Career Move - Corp to PE/HF in "late" life stage

mdinpijamas's picture
Rank: Monkey | 47

Hi guys,

I searched the forum for the question I have, and even though there was a lot of information, I couldn't find a situation as near as mine as possible.

So, I was born in Brazil, lived there pretty much my whole life, but I moved to the US last summer. My experience is basically 6-7 years in BIG4, working for Valuation and M&A (1-2 years here), and some business development for the TAS area (1-2 years as well). I have performed valuation for a multitude of companies and situations, I am very confident in my financial modeling skills.

My last 3-4 years were spent being the Head of FP&A in two major manufacturing companies, more specifically the automotive industry.

As I mentioned, I moved into the US and just now received my work permit. I would like to take this opportunity to move into a PE or HF role. I am 36 years old and I understand that I may/should need to take a step back to move into the industry.

What do you guys think, feasible? If so, what would you do to try this?

I have emailed, sent resume to a lot of the companies in the PE/HF industry, but I think I may be missing the point here.

Thank you for your help!

Comments (13)

Mar 5, 2019

I would like to see someone giving feedback on this

Mar 5, 2019

What type of role are you aiming for? Valuation? Portfolio Company Operations? Investing?

Mar 5, 2019

I believe I could add value to all the roles you mentioned, but I am leaning more towards investment analyses, which for me, involves performing valuation.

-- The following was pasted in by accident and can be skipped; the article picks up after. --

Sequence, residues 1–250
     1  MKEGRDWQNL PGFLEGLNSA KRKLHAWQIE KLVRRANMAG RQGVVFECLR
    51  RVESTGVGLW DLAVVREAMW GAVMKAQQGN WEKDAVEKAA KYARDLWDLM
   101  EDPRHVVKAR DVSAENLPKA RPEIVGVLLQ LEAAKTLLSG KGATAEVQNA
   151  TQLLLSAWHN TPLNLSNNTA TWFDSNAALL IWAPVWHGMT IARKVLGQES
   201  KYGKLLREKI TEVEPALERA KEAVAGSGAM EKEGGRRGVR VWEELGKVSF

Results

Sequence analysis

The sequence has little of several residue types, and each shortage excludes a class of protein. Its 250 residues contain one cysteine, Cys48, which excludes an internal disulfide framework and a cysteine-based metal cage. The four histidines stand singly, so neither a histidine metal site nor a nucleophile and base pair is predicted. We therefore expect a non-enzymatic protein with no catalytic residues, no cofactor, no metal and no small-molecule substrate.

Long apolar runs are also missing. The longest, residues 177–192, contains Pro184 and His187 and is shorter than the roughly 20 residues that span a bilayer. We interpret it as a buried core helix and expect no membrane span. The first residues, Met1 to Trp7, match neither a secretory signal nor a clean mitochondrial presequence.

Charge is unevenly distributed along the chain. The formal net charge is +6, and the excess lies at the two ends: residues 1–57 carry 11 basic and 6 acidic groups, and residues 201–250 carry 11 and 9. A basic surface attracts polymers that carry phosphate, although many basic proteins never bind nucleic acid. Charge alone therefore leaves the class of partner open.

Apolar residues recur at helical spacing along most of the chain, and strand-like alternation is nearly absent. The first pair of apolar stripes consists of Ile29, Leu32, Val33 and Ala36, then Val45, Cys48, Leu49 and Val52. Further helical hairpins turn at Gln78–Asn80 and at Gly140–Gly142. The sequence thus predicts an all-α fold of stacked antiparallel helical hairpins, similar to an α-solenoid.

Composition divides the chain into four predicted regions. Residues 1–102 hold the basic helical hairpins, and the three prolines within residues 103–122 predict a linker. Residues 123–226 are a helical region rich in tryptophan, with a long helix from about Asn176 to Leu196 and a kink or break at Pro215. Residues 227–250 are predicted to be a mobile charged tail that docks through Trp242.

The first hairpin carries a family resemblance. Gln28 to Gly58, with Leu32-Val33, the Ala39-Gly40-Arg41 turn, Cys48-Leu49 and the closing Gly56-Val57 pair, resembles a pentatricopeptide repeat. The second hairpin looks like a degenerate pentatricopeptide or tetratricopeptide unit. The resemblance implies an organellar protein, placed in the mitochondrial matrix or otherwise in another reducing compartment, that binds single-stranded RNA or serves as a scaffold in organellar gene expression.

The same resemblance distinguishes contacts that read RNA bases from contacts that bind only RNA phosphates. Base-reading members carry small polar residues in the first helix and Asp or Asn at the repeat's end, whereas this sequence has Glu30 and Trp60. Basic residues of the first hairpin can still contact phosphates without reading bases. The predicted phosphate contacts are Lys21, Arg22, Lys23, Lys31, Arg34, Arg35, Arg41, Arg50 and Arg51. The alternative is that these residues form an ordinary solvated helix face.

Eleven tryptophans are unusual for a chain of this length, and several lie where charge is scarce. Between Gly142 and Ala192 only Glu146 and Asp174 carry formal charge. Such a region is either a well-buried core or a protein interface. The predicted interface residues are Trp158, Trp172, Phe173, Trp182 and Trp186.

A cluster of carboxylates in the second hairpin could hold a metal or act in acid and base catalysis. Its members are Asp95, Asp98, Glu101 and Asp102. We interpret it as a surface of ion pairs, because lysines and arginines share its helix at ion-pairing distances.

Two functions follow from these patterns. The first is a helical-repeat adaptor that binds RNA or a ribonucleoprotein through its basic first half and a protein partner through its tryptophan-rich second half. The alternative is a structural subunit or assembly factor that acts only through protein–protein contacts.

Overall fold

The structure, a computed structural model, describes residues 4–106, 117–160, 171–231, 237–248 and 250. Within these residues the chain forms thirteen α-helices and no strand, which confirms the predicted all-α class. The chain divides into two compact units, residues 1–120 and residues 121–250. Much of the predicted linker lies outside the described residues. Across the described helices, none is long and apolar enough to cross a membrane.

Most Helpful
Mar 5, 2019

Sure and I should of clarified. I meant valuation in the context of the group responsible for valuation and portfolio company reporting to investors.

You have a background that matches up quite well with this function inside a PE firm, but note this is different from the investment function handled by a different set of people.

Head of FP&A for an automotive industry manufacturer sounds interesting. Given the way you described it, I'm guessing this is not an automotive company itself, like Ford or GM, but rather a supplier of parts to the car company. If you're not at a F50 type company, I would say your chances of doing operations type work for PE portfolio companies are lower However still doable, if you sell yourself the right way.

Being on the investing side is a whole other ball game though. It's not for everyone, and it may not be for you. At your level, it will be a lot about sourcing, and if you don't have the contacts in the market the PE firm scouts for deals, I don't see the entry point for you coming in as green as would be coming in.

Ask yourself why you want to be in PE, or why PE instead of HF. Honestly, they're two very different animals, that I didn't fully appreciate until I joined on the PE side. If it's an industry you really just want to be a part of in one way, shape, or form; look at the first two options more closely, because these would be your best shoot at success. At the end the of day, it sounds like you're already successful in your current career trajectory, so why make the move at all?

Mar 5, 2019

Agree with what was said above. Wanted to emphasize on the investment valuation of current port cos and the investment team are vastly different.

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Mar 7, 2019